Controversial Epcor solar complex to be built in Edmonton's River Valley

Updated: Oct 22, 2020

After a 7-6 vote in favour, the Edmonton City Council has approved Epcor’s controversial project to build a 45,000 panel industrial solar complex in the River Valley. Councilors Tim Cartmell, Jon Dziadyk, Andrew Knack, Scott McKeen, Mike Nickel and Aaron Paquette voted against the proposal this Monday. The $25.9 million project will allow solar energy to power the nearby E.L. Smith Water Treatment Plant.

After having proposed the project last year, The Edmonton Journal reported how widespread public opposition forced Epcor’s hand in engaging with “concerned parties [and] indigenous communities” in decision-making.


Epcor has argued that there is no other alternative for the location of the proposed complex except the city’s scenic southwest recreational space. The Edmonton Journal also reported how concessions from Epcor to the Enoch Cree Nation, who had once opposed the project after archeological research had suggested that the proposed site was historically used for ceremonial purposes, have now pivoted in support of the utility company. The scaling back of the project’s size by two hectares and the simultaneous increase in area allocated for wildlife has also softened the opposition of detractors.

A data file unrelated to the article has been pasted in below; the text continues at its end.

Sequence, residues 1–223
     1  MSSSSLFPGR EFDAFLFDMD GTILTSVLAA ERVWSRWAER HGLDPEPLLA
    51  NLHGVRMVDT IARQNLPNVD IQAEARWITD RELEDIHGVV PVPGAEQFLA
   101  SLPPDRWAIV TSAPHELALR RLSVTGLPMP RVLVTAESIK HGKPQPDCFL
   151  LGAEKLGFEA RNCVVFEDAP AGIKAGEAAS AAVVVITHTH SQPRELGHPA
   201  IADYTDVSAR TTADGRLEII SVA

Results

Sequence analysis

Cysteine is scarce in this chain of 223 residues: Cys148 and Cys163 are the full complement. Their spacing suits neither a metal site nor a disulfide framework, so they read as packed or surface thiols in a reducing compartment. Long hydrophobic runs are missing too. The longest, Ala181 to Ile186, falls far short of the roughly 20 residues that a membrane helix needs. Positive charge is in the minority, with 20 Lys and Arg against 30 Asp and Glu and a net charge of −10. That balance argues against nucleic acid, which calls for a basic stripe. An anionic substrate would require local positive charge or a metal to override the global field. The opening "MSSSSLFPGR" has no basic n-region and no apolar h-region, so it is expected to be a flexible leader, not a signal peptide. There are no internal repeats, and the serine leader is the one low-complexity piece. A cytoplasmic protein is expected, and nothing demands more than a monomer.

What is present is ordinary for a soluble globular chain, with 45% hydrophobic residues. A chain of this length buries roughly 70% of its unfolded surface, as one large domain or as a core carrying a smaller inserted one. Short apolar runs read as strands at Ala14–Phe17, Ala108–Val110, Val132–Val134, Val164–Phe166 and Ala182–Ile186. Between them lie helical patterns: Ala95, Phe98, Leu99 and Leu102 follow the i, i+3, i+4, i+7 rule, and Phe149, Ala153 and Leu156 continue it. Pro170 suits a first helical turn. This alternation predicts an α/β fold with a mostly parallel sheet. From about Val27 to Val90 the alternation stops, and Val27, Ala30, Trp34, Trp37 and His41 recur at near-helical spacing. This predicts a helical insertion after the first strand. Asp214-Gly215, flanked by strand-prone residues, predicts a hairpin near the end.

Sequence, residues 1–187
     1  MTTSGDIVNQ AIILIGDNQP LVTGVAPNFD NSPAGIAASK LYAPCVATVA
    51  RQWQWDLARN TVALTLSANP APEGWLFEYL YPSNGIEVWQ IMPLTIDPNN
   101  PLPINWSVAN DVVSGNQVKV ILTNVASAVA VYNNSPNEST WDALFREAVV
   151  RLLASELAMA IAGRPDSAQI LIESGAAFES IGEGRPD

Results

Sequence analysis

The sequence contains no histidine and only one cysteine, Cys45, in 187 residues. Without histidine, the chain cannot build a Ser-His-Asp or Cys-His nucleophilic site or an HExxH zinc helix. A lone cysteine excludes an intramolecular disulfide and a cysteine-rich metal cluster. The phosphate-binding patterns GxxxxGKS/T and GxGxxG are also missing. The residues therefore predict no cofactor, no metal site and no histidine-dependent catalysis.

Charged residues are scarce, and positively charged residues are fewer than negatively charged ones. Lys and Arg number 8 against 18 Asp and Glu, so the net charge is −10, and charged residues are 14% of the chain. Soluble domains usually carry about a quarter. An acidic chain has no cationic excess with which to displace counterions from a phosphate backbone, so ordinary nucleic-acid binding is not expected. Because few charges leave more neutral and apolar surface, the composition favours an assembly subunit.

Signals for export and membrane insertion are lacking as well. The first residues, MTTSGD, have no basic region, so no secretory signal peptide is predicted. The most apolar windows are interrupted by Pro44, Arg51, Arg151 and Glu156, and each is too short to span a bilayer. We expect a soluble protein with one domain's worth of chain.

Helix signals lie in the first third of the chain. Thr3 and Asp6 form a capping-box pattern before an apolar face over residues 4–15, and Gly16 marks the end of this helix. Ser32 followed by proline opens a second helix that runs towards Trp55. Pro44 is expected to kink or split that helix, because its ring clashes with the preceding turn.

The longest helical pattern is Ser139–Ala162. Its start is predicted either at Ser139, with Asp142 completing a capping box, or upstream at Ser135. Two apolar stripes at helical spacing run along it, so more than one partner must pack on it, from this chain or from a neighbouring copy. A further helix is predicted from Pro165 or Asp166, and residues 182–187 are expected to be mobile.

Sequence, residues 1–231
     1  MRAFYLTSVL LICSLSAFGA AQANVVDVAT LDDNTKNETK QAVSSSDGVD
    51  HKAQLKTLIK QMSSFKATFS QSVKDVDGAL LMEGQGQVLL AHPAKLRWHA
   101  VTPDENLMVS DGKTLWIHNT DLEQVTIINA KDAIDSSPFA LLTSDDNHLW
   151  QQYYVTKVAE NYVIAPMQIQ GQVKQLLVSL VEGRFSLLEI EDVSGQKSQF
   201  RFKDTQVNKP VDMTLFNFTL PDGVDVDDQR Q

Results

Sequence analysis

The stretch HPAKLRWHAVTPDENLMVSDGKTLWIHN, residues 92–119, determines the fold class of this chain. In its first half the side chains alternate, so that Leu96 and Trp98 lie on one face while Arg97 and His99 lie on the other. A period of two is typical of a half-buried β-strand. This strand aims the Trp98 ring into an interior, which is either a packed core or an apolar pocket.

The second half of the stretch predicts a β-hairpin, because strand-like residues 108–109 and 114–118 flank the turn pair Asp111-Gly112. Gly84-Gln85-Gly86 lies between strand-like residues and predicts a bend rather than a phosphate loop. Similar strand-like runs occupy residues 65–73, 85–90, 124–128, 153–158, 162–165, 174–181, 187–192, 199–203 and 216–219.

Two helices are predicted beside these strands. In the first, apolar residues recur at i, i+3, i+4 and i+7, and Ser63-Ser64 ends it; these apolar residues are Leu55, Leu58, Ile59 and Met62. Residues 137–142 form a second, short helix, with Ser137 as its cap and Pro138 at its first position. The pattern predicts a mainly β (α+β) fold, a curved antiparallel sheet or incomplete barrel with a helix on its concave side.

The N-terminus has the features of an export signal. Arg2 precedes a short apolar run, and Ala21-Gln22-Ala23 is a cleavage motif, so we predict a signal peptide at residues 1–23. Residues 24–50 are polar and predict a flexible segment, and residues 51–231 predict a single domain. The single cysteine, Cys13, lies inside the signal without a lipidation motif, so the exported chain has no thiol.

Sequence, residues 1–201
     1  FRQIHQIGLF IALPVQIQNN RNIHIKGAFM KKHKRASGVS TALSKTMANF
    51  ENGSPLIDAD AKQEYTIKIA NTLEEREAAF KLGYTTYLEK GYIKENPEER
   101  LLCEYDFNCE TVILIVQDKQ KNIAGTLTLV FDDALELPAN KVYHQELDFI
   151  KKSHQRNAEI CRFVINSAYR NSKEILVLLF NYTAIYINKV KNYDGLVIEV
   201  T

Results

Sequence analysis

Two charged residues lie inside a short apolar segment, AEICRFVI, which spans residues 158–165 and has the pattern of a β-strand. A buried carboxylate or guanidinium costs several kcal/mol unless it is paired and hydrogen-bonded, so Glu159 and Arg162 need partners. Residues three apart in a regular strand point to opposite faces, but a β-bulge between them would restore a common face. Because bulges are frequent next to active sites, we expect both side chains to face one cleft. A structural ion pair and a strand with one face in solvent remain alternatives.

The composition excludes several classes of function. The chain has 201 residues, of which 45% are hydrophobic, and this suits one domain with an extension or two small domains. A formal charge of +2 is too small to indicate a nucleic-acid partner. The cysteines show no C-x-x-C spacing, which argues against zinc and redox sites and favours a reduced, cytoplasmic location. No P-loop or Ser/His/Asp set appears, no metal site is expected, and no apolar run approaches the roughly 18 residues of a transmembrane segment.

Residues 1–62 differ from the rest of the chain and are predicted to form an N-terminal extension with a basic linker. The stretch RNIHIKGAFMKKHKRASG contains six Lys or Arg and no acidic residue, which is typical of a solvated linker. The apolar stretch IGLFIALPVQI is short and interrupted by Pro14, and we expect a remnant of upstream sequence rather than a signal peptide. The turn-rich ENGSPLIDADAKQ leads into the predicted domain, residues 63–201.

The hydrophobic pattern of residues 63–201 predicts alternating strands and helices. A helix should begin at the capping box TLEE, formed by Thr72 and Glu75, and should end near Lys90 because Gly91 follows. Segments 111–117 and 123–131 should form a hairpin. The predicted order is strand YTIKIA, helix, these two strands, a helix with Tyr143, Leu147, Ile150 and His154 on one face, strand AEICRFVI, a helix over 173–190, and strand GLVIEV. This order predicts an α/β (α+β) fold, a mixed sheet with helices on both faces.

Epcor has insisted that the solar complex project will not jeopardize access to nearby green space and will allow the city to reduce greenhouse gas emissions.


However, councilor Nickel voiced his concerns on Twitter, arguing that the project will set a precedent for newfound industrial development in the Valley.

Paquette equally took to social media to explain his opposition:

The Buffalo Tribune reached out to councilor Dziadyk for his own stance on the project.


“First and foremost, councilors have a duty to protect the River Valley. My constituents spoke loud and clear that they want to preserve this space,” he stated. Echoing similar concerns as councilor Nickel, he stated that “an industrial site here sets the precedent for additional non-compatible development near the river, and that should be discouraged...there are plenty of other locations that could be utilized to build a solar farm, such as in industrial parks.”


Councilor Nickel has started a petition to put the matter to a plebiscite in the next municipal election in 2021. It remains to be seen whether city council will acquiesce or not.

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